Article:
What Are YOU Known For?

If you want to be known for something, you must first decide what that is.

(The following appeared deep in the Rabbit Hole of the Monday Morning Memo by Roy H. Williams, dated January 10, 2022. It was penned by Wizard of Ads® Partner, Johnny Molson.)

Strategy before tactics is not controversial. 

I’d go as far as to say it’s not debatable.

You can’t implement a plan without having a plan.

If you want to be known for something, you must first decide what you want to be known for.

But I get repeatedly asked, “what’s the best way to advertise?”  And I seem to leave people disappointed when I say, “strategy must come before tactics.”

What people are hoping is for a trick.  A hack.  A shortcut.  I can’t help you with those.  A Google search of “best ways to advertise my business” will land you 737,582,183 pages.  Have fun.

The best way to advertise is to begin with a strategy.  Let’s define that:

A marketing strategy is made up of Who, What, and How.

  1. Who are you talking to?
  2. What do we want to happen?
  3. How are we going to do it?

Those seemingly easy steps are not simple.  Like any strategy, it could take weeks or even months to answer.  Let’s dig a bit deeper…

Who are you talking to?

This question is trying to learn who your customer is.  You’re trying to identify a market segment.  If you’re a roofer, you’re speaking to homeowners.  If you’re Tesla, you are speaking to early adopters.  Start with a broad group and think about habits, values, and behaviors.  You can narrow into demographic data (income, age, gender) as you proceed, but don’t let it distract you.

There’s a difference between who your customer is, and who you want your customer to be.

When working on market segmentation, you also must decide who your customer isn’t.

“This is what we are…and we’re not gonna worry if there’s a small percentage of the people that don’t fly us. That’s the definition of a market niche. You have to write off part of the market, or else you don’t have one.”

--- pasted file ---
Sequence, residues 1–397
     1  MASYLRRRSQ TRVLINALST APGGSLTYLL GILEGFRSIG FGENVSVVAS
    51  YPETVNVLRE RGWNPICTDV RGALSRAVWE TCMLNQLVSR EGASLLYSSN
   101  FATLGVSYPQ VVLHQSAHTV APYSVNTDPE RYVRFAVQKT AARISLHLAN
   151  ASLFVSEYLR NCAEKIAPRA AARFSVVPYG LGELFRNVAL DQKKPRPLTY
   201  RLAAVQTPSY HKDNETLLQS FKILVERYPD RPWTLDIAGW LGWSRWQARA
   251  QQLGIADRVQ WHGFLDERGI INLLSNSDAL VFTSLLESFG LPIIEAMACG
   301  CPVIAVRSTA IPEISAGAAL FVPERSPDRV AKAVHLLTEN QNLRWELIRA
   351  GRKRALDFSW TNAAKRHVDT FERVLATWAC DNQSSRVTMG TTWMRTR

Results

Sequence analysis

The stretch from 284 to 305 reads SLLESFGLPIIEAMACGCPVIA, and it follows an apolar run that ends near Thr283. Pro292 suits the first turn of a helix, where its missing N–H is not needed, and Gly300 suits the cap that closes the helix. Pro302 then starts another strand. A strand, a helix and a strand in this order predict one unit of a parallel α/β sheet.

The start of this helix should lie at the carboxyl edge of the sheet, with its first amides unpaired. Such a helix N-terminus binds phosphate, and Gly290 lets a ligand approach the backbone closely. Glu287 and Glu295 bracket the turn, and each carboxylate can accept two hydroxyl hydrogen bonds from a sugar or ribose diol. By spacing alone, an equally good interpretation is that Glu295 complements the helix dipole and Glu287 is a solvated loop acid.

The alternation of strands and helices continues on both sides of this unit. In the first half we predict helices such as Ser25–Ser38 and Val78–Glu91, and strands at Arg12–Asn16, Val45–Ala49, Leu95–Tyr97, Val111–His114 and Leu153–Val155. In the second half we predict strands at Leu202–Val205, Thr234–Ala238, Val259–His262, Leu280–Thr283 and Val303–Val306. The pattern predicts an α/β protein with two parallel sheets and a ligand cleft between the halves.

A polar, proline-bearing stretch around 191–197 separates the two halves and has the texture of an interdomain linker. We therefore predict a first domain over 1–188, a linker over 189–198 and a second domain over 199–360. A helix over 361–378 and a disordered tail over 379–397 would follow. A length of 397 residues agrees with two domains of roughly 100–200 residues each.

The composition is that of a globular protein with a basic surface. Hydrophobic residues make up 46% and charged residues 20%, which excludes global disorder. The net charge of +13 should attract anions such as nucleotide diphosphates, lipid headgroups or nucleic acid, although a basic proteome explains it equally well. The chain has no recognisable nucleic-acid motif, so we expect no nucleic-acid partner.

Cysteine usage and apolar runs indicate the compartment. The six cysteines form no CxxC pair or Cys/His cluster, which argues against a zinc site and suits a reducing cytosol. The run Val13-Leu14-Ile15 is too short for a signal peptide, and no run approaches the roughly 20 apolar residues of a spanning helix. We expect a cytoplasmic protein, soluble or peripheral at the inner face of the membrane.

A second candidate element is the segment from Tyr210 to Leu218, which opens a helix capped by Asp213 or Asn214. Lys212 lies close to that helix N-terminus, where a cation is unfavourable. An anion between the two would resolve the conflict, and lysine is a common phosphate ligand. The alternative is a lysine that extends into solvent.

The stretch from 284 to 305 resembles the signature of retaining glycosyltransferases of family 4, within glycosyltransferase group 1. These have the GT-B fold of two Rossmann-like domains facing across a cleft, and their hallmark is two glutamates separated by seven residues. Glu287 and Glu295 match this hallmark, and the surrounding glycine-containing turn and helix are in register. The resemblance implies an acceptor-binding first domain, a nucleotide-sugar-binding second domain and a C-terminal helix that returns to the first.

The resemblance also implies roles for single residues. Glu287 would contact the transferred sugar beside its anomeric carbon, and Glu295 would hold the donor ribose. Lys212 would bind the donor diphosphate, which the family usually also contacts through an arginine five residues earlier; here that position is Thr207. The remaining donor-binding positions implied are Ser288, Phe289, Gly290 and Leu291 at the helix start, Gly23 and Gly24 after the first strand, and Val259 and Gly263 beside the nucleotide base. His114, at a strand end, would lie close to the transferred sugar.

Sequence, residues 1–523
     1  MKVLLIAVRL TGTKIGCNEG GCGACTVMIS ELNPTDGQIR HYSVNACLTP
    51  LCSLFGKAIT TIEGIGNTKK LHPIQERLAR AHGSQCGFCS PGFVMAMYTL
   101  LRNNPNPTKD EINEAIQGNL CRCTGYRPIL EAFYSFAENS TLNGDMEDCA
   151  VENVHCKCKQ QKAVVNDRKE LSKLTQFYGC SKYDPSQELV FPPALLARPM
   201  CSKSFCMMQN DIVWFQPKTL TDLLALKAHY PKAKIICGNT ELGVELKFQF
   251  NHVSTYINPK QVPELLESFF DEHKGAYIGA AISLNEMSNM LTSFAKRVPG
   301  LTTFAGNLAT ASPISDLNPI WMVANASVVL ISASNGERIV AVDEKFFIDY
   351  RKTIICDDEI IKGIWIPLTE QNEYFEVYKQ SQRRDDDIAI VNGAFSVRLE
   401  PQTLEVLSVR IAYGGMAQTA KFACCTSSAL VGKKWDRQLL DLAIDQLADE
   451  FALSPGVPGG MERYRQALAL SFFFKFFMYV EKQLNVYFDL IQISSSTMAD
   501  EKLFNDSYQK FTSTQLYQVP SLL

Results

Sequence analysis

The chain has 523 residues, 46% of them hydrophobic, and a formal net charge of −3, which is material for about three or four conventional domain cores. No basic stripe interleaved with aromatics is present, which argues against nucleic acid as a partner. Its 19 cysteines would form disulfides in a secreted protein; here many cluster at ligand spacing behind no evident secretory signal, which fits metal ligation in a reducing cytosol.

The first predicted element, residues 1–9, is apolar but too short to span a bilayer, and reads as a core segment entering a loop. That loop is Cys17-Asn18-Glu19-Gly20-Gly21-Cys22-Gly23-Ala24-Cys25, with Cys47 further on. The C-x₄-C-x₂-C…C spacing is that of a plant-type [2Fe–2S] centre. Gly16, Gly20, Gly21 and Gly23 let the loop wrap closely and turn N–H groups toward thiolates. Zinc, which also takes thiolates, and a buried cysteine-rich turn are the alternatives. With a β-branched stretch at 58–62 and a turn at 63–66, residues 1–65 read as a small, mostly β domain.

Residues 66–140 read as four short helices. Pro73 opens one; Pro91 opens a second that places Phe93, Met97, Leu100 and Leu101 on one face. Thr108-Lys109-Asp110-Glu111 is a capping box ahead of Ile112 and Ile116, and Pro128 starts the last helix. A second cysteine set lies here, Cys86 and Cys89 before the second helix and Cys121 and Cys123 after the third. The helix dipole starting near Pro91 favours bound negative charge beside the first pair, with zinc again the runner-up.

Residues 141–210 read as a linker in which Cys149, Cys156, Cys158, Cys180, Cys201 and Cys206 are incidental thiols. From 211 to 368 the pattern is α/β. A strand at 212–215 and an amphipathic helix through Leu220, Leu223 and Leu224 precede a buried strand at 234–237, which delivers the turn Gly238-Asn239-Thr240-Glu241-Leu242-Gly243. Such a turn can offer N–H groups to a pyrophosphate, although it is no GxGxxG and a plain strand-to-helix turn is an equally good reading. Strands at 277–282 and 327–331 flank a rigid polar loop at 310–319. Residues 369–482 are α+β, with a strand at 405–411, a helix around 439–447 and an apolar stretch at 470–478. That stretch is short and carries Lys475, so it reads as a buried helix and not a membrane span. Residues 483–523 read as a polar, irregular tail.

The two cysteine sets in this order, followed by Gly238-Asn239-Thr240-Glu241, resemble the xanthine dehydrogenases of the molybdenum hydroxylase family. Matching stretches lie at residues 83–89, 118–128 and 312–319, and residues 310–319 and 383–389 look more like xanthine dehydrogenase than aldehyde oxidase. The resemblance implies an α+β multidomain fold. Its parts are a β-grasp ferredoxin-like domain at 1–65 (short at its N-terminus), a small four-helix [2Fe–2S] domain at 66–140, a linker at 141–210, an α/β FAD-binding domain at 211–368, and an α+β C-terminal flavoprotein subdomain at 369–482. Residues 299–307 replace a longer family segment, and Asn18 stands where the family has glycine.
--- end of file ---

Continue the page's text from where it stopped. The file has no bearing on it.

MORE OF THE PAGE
Herb Kellaher/CEO, Southwest Airlines

What do we want to happen?

The answer to that is not “buy stuff.”  Ultimately, yes, that’s what’s going to happen.  But it’s a result of what we want to happen.  For example: You have determined you are getting shoppers, but they aren’t turning into buyers. What you want to happen is to enhance a tangible level of consideration.

  • Is something wrong with the product?
  • Do the internal salespeople require more tools or training?
  • Is something causing [undue] friction in the purchase process?
  • Are the features and benefits unclear?

How are we going to do it?

In the example above, let’s say you’ve determined your issue is your internal salespeople.  Shoppers are coming to them, but just not becoming customers.  How you improve that might be to enhance training sessions and measure it by turning 9 average sales per month into 10.

There’s Something About Strategies

Like any goal setting, your strategy is a measurable and time-based goal.  As you stare down 2022, you probably have room in your head for maybe two actual marketing strategies.  Each strategy is, by design, going to dovetail in to 4 to 6 tactics.

Did you notice I didn’t mention “advertising?”  That’s because I’m talking about Marketing Strategy.  The words “marketing” and “advertising” have been blurred together.

Our industry has done a huge disservice to businesses by doing that.  Advertising is a surprisingly small part of marketing.  Most people with the word “marketer” on their LinkedIn profile are mere salespeople selling advertising.

We need them, but they ain’t Marketers.

They’re talking tactics, not strategy. Politely ask them to leave unless they can help you with your strategy.

(WARNING: They’ll try to sneak past the guard by saying they have a “digital strategy.” Don’t let ‘em fool you. There’s no such thing as a “digital strategy”… there’s only a strategy strategy, and “digital things” might be a part of it).

This is important because you can “tactic” yourself into bankruptcy.  As sure as God made little green M&Ms, the tactic hounds will distract you from your strategy…especially if you don’t have one.

So…do you have one?

– Johnny Molson, Wizard of Ads Partner

 

About Rod Schwartz 68 Articles
Rod Schwartz backed into a lifelong career in radio advertising in 1973 in Springfield, Illinois. He became sales manager for the Pullman Radio Group in 1979 and served in that position until 2006. He continues to serve clients in the region as the stations’ senior account executive. Since 1991, Rod and his family have operated Grace Broadcast Sales, providing short-form syndicated radio features to radio and TV stations across the U.S. and Canada. An avid photographer, Rod shares some of his favorite images of the Palouse at PalousePics.com.